Gransnet forums


Should we ignore it

(65 Posts)
Joanna501 Fri 26-Apr-19 13:58:41

This is my first post on here, I hope I’m posting in the right place.
My daughter is in her early 30’s and has has weight problems since she left school. She is currently at slimming world and has lost 2 stone since having her first baby 7 months ago.
The advice I really need is about my mother in law. She has always sent slimming magazines to my daughter which upset her, this went for for about 2 years until she asked her father ( my dh) to ask her to stop sending them as it was upsetting her.
It stopped for quite some time but she started again asking about her weight again, that too went on for quite some time until her father spoke to his mother again about how this makes my daughter feel.

She currently has around another 3 stones to lose.
My daughter visits her grandmother every few weeks and weight loss is always brought up, now my daughter is telling me that she is asking her during telephone conversations about slimming meals and her weight.

My daughter did say to her grandmother that she was happy with herself. But she doesn’t seem to ever stop.
This upsets me very much as her mother, I do not want to intervene or cause any ill feeling.
Should we try to ignore her comments
Any advice is welcome x

Namsnanny Fri 26-Apr-19 14:23:13

Is the grandmother actually your mother?
Anyway if I was you I would tell whoever that (g) daughters choices in life are her own, weight included and if she values granddaughters company to stop pestering!!
Why can’t people leave well alone?

silverlining48 Fri 26-Apr-19 14:26:15

Firstly well done to your daughter who has lost a substantial amount of weight post baby. Her grandmother if she mentions weight at all ( and really she should not) should just give her general support and encouragement. Not advice. Slimming world is there to do that.
As your daughter is an adult it’s up to her to say this to her gran.
My mum used to suggest I lost weight, which didn’t help one bit
Your MiL should keep quiet.

Joanna501 Fri 26-Apr-19 15:22:23

Thank you for your reply, it’s my husbands mother, I don’t know either why people can’t leave things alone

Joanna501 Fri 26-Apr-19 15:28:33

Thanks silverlining, my daughter has tried to tell her grandmother, I think she’s hinted more than anything that she doesn’t need her help.
My hubby has actually asked her to stop this 2 or 3 times now, it stops for a while then starts again.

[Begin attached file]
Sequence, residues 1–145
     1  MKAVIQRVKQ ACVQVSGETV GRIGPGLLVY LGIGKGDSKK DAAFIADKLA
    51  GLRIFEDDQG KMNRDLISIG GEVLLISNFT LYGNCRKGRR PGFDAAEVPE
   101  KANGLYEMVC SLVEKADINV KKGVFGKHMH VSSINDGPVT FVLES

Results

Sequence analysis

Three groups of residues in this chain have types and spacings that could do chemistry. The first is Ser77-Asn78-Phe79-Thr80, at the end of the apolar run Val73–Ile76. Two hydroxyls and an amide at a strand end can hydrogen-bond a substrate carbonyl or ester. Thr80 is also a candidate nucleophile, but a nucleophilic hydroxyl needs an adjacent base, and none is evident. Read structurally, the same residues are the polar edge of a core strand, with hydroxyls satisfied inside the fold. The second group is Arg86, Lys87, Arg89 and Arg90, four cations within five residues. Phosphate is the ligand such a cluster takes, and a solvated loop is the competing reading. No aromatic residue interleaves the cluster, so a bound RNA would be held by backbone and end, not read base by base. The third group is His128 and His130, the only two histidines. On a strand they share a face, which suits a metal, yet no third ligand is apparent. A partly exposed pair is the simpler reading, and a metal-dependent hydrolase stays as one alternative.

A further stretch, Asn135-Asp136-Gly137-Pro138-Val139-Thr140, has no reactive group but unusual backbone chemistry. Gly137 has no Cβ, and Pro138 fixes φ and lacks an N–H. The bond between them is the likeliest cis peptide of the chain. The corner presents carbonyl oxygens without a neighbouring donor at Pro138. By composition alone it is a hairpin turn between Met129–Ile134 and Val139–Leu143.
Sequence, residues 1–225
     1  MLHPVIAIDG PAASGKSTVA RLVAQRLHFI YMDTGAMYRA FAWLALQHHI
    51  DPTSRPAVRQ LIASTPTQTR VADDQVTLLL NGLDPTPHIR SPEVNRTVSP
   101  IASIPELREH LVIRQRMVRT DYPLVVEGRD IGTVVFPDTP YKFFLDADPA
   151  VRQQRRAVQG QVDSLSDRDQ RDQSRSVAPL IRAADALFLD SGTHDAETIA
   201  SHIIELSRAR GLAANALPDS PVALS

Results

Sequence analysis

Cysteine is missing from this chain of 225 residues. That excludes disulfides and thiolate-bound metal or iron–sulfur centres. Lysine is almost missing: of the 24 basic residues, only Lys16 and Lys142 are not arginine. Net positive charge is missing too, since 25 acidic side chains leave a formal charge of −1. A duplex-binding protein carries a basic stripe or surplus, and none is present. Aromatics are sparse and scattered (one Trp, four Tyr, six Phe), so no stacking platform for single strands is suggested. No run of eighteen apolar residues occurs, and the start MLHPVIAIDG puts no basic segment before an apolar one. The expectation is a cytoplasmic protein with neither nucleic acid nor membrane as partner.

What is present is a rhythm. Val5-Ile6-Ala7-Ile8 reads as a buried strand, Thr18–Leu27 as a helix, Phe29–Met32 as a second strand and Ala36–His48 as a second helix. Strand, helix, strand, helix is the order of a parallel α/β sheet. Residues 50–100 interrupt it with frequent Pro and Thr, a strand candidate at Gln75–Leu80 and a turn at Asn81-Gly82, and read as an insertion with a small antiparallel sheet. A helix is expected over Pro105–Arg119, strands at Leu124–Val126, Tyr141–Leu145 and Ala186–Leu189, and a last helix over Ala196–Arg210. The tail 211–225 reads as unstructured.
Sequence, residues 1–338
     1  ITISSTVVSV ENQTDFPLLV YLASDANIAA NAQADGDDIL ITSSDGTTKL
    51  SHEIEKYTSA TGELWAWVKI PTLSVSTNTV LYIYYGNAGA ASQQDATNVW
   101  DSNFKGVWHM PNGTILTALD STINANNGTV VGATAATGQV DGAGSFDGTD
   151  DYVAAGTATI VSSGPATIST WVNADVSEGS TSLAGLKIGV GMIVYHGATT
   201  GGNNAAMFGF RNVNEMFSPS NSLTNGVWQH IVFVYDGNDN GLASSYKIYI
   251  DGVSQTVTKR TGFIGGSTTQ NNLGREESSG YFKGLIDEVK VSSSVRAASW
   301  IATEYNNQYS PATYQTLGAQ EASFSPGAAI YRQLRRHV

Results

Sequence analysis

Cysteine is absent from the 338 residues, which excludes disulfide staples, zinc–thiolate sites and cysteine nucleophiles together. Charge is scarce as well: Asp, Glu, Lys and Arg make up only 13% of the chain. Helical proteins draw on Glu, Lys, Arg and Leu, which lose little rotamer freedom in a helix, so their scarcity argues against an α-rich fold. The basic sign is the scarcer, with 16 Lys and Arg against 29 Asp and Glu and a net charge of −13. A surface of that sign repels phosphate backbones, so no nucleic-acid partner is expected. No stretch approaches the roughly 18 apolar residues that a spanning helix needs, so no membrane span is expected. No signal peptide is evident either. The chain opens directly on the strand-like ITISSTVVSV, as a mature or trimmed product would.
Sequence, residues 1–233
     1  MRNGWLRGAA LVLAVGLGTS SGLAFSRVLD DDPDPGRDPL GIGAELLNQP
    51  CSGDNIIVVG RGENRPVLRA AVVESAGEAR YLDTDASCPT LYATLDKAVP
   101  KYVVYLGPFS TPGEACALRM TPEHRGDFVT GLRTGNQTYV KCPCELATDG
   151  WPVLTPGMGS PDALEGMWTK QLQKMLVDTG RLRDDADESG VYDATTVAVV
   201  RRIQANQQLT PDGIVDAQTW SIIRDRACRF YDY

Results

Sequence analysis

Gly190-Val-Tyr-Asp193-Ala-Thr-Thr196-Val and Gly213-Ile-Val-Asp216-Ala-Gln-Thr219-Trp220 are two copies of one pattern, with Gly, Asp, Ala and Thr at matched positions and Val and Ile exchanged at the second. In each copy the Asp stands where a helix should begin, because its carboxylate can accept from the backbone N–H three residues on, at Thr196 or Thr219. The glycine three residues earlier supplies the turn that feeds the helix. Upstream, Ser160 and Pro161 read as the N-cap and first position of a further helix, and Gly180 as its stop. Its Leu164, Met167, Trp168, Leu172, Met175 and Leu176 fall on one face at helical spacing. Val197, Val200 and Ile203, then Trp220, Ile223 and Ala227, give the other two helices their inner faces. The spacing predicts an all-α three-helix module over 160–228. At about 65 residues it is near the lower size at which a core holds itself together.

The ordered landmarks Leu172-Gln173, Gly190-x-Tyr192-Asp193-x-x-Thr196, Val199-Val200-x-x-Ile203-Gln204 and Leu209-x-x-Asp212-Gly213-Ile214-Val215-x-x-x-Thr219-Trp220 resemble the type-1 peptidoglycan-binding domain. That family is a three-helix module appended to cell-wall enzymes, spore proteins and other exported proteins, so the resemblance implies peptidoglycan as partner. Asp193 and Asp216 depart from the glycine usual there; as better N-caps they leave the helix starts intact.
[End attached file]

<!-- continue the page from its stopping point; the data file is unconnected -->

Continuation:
I agree too, she should keep quiet but she won’t. ☹️

Anja Fri 26-Apr-19 16:02:33

Give your daughter some pointers for dealing with Grandma or perhaps she can ask for a few from her fellow slimmers at SW. I’m sure some will have had similar negative conversations and could help with strategies or even verbal put downs.

Incidentally well done your DD 👍🏽

KatyK Fri 26-Apr-19 16:06:08

I'm always astounded when people assume that overweight people don't know they're overweight. My DD was very overweight some years ago and my DH told me to 'tell her' as if she didn't know. She was unhappy enough without me wading in. She subsequently lost 4 stone, by hersellf without slimming clubs etc. It sounds to me as if your DD is doing really well. MIL should butt out.

Eglantine21 Fri 26-Apr-19 16:13:31

Perhaps there’s something your daughter can enquire about.

Grandma: “Have you lost any more of that weight yet?”

Daughter: “Yes thank you. Have you thought about botox for all those wrinkles?”

Then she could send a flyer from the nearest clinic😬

Mossfarr Fri 26-Apr-19 16:22:05

My Mother is exactly the same, she is totally obsessed by other peoples weight and absolutely can not keep her comments to herself. A comment about their weight is always the first thing she says when meeting up with people we haven't seen for a while. Its not as though she's slim herself - she's always been very overweight.
It makes me absolutely furious and I'm always telling her off about it.
My Sister-in-law (who is very overweight) will barely speak to her anymore.

phoenix Fri 26-Apr-19 16:31:12

Eglantine21 love it! grin

Or perhaps even ask her if she has considered asking for a refund from the charm school?

Sara65 Fri 26-Apr-19 16:32:08

My mother in law was the same, blunt to the point of extreme rudeness. In the end, we just used to laugh at the dreadful things she said at times, she had a kind heart really, I just don’t think she realised how awful she could be

crazyH Fri 26-Apr-19 16:40:40

I'm more prone to remark how thin someone is. I don't like 'skinnies'. At one time my daughter was rather 'chubby'. I had no problem with it. But the rest of the family were constantly sniggering about it. She has now gone the other way, lost a lot of weight and frankly I think she looks 'gaunt'. But everyone thinks she looks great. Can't win......

Joanna501 Fri 26-Apr-19 16:47:38

Thank you everyone for your advice

whywhywhy Fri 26-Apr-19 16:49:42

Well done to your daughter! Maybe you should step in and ask her not to keep asking as it is upsetting for all concerned. I had a fabulous 1st mother in law, sadly the one I have right now could be nicer. We cannot choose our relatives like we choose friends.